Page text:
NZ Civil Defence team back to Condamine

The New Zealand Civil Defence team helping residents of flood-stricken Queensland has been forced to return to the town of Condamine, as more floods again hit the town they had just left.

The 15-strong team is now working alongside Australian emergency management staff to help relocate the worst-affected Condamine residents to Miles, 30km to the north.

The towns are about 350km inland from Brisbane.

Late last night the team was forced to move because rising waters threatened their campsite.

"The river that runs through Condamine was rising rapidly and expected to overtop the bridge by midnight which would have meant the team would have been marooned inside Condamine," Civil Defence director John Hamilton told One News.

"So the decision was made by the Queensland authorities to move the team out of Condamine during the dark."

The team returned to Condamine today.

Access from the west to Toowomba and Brisbane was cut by flooding but "our team is safe and in good spirits", he said.

The New Zealand team, which is expected to stay in Queensland for nearly two more weeks, is assigned tasks by the Queensland state authorities and Mr Hamilton expects it to be involved in helping the clean-up in the Dalby and Toowoomba area, roughly between Brisbane and Condamine, during coming days.

The violent water surge near Toowoomba, a city of some 90,000 people, after a fresh storm Monday escalated Queensland's two-week-old flood crisis and brought the overall death toll to 18.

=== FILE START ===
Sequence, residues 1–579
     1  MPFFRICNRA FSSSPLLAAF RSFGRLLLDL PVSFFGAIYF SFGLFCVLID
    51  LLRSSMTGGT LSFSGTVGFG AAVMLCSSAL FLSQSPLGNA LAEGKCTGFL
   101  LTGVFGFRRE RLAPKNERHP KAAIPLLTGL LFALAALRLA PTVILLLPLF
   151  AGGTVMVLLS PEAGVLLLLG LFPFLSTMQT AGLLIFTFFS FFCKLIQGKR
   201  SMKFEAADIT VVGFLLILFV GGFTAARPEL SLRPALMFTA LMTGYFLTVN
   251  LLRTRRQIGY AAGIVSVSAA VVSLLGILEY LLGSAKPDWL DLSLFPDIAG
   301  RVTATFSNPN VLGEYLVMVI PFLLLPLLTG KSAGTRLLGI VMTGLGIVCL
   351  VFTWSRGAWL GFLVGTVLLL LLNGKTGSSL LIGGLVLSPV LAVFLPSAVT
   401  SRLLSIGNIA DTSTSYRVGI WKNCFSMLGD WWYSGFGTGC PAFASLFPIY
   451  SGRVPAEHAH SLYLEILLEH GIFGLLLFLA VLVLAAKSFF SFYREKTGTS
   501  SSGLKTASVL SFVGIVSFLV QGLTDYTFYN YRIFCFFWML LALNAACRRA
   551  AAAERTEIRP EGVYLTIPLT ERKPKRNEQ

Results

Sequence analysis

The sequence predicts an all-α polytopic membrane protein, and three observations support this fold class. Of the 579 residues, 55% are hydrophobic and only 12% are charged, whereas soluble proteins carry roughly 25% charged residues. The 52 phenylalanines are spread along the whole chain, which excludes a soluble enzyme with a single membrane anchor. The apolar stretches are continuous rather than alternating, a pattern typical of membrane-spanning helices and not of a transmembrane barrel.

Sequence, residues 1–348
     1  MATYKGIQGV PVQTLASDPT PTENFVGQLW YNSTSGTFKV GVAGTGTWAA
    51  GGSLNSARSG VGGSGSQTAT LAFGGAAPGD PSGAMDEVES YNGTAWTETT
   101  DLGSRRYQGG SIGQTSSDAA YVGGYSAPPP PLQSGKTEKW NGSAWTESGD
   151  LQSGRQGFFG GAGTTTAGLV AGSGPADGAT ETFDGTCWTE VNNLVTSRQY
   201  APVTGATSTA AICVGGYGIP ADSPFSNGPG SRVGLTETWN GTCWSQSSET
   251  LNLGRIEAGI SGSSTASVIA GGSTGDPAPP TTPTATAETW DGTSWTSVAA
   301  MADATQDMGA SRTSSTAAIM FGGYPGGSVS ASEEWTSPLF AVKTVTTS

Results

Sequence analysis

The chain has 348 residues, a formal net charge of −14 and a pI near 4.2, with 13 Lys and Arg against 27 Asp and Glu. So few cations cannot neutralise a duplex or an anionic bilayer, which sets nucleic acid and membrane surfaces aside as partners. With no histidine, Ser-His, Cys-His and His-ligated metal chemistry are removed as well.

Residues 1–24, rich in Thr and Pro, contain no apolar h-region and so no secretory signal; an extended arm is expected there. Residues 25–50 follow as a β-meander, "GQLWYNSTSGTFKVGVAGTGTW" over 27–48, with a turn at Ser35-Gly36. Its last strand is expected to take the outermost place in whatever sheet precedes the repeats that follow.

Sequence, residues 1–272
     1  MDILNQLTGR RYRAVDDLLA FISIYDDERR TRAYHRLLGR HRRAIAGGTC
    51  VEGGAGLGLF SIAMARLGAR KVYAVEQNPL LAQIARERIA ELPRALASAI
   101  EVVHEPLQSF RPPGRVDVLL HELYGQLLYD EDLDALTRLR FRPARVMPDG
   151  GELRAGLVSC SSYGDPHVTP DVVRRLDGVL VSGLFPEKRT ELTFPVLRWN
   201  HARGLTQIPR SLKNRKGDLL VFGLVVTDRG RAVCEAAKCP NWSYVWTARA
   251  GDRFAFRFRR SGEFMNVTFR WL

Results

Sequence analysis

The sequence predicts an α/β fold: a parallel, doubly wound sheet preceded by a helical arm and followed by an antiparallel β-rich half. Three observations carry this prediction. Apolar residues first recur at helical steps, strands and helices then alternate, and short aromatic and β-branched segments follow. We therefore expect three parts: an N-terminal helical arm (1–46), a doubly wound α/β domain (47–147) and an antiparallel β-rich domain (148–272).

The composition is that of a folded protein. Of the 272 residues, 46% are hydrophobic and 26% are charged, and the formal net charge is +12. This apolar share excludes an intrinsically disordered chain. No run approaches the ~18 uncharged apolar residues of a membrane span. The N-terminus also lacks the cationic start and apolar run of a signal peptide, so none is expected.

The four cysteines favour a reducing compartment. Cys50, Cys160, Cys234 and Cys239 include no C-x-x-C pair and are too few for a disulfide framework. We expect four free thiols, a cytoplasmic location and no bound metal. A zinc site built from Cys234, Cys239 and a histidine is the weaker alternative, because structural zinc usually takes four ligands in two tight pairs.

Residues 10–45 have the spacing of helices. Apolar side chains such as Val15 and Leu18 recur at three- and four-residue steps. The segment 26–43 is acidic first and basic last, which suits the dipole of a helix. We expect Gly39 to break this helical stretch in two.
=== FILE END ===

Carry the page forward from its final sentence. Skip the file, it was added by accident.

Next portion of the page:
An intense deluge fell over a concentrated area, sending a 8m, fast-moving torrent crashing through Toowoomba.

Meanwhile, New Zealand Red Cross is preparing to send a three-person management team to join its Australian counterparts.

The team will be briefed in Wellington and is expected to fly to Australia in about 48 hours after the dramatic worsening of the situation since yesterday, said international operations manager Andrew McKie.

The team is expected to spend 10 days at the Australian Red Cross coordination centre in Brisbane, with possible rotation of fresh staff.

Queensland has been in the grip of its worst flooding for more than two weeks, after tropical downpours across a vast area of the state covered an area the size of France and Germany combined. Entire towns have been swamped, more than 200,000 people affected, and coal and farming industries virtually shut down.

Meanwhile, NZ Red Cross is directing offers of donations to the Queensland Premier's Disaster Response Appeal at the website http://www.qld.gov.au/floods/donate.html

"We're encouraging people to donate cash to the established Queensland fund rather than goods because it means the right aid can be given more quickly and can often be bought locally to support economic recovery," Mr McKie said.

- NZPA

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